Moscow accuses West of hypocrisy on protests issue

Russian Foreign Minister Sergei Lavrov lashed out at the West for “double standards” in the way they treat public protests in Russia and at home.


Lavrov’s comments came after police in Portland, Oregon, arrested 30 people for violating a set curfew to protest against the rich as part of the global action Occupy Wall Street.


“While daring to ask us questions, our Western partners do not want to address their own problems, which they have plenty of,” Lavrov said in a reference to Western human rights organizations’ criticism of “the violent way” in which protests are dispersed in Russia.


On Sunday, police in the U.S. city of Denver had to use force against supporters of the Occupy Wall Street movement as a crowd of some 2,000 stormed the Colorado Capitol, CBS reported on its website on Sunday.

“The way they treat protesters of the Occupy Wall Street action shows clearly that our colleagues in the West stick to double standards,” Lavrov said.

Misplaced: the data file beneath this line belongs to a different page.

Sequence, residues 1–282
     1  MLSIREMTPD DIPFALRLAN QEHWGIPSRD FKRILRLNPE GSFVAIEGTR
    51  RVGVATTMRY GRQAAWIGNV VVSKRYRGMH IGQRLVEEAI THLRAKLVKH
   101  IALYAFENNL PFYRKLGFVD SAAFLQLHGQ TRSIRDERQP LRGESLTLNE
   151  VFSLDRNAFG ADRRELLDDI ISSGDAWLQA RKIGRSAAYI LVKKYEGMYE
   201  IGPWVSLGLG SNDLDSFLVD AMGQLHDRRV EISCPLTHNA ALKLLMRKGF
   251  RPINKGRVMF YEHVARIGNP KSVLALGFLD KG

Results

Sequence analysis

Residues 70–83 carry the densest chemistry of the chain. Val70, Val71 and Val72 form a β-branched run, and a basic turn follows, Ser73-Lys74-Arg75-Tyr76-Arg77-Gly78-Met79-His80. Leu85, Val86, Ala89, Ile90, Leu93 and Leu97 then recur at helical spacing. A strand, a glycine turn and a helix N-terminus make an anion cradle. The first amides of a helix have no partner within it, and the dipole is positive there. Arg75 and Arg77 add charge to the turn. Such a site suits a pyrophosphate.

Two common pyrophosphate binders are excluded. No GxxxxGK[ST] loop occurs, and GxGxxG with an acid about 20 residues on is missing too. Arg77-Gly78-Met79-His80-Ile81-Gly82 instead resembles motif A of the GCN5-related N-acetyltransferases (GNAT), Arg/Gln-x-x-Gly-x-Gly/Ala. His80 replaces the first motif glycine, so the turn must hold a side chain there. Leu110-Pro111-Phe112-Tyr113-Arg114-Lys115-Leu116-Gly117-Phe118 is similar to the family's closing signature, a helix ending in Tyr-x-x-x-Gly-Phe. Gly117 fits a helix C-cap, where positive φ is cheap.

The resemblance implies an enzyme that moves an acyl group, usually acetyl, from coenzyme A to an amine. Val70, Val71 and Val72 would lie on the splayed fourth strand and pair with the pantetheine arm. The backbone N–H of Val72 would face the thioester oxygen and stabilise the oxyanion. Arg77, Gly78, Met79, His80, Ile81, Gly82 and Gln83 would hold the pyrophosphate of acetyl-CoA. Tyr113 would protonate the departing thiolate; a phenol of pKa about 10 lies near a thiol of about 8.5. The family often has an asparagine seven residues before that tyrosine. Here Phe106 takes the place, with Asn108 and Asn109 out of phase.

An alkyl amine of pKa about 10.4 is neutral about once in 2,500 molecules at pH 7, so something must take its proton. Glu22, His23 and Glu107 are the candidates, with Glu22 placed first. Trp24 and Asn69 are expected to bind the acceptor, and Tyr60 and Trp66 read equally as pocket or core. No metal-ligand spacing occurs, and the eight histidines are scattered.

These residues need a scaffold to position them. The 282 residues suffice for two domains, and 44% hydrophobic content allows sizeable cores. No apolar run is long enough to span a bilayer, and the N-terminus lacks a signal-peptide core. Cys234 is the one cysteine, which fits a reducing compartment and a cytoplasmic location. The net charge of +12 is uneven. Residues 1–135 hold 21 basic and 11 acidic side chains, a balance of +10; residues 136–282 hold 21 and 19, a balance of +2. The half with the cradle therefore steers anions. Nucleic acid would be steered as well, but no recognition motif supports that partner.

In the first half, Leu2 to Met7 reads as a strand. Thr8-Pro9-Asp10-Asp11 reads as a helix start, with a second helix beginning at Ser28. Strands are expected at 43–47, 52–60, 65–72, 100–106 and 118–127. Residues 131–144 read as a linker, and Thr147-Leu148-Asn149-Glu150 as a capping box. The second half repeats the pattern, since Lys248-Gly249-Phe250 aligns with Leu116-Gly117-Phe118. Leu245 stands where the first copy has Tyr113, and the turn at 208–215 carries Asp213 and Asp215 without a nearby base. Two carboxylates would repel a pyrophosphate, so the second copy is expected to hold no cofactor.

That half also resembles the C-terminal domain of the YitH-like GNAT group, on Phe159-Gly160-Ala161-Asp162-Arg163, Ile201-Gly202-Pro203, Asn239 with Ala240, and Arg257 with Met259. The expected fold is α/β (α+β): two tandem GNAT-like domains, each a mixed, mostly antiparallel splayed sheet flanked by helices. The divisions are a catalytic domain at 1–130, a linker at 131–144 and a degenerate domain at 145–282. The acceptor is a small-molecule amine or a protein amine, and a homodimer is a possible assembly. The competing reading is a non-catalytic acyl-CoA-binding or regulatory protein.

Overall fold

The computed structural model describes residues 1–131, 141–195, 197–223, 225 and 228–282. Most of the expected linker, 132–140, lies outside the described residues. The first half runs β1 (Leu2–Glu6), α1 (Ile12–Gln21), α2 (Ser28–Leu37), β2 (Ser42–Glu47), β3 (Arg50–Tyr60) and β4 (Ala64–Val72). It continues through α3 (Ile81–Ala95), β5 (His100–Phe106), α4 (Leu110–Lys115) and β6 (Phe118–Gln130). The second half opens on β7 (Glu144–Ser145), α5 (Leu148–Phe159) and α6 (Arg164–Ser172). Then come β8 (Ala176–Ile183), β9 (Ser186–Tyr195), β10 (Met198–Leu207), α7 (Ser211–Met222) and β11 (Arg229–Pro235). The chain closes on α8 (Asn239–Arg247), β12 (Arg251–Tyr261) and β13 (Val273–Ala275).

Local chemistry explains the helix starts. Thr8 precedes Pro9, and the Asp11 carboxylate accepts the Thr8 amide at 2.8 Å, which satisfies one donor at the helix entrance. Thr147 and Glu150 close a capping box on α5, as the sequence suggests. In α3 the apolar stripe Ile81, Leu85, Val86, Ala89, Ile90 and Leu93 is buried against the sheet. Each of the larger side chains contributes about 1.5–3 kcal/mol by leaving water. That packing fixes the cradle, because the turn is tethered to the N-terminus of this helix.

Under Russian law on rallies and demonstrations passed in 2010, protesters must receive permission from the authorities to hold such an event. The authorities reserve the right to change the time, date and location of the protests. If protesters gather in their originally planned location without the proper permission, police arrest the participants.

The authorities have used this regulation to postpone or reject a series of planned protests, which has aroused criticism from the West.


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